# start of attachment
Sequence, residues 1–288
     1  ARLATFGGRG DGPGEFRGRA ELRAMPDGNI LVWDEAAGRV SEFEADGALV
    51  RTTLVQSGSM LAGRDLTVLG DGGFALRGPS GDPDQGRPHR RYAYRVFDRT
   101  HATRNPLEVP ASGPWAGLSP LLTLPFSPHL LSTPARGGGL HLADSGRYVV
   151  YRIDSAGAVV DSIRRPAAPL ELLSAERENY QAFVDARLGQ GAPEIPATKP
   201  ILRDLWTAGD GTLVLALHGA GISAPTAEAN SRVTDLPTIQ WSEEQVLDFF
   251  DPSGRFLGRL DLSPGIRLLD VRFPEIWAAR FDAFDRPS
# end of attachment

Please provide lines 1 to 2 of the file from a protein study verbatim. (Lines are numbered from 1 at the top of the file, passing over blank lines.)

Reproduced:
Sequence, residues 1–288
     1  ARLATFGGRG DGPGEFRGRA ELRAMPDGNI LVWDEAAGRV SEFEADGALV